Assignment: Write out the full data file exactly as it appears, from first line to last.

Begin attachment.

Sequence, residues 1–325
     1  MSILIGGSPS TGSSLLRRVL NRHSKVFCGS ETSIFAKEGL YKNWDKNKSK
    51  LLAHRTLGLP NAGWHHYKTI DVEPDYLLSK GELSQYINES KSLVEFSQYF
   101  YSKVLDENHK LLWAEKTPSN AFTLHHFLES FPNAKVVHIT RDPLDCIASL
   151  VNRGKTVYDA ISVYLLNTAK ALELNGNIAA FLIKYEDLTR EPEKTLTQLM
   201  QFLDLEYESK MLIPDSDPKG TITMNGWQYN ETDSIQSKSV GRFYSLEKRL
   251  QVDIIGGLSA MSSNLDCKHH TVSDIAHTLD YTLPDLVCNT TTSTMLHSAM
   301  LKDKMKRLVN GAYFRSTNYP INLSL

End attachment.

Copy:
Sequence, residues 1–325
     1  MSILIGGSPS TGSSLLRRVL NRHSKVFCGS ETSIFAKEGL YKNWDKNKSK
    51  LLAHRTLGLP NAGWHHYKTI DVEPDYLLSK GELSQYINES KSLVEFSQYF
   101  YSKVLDENHK LLWAEKTPSN AFTLHHFLES FPNAKVVHIT RDPLDCIASL
   151  VNRGKTVYDA ISVYLLNTAK ALELNGNIAA FLIKYEDLTR EPEKTLTQLM
   201  QFLDLEYESK MLIPDSDPKG TITMNGWQYN ETDSIQSKSV GRFYSLEKRL
   251  QVDIIGGLSA MSSNLDCKHH TVSDIAHTLD YTLPDLVCNT TTSTMLHSAM
   301  LKDKMKRLVN GAYFRSTNYP INLSL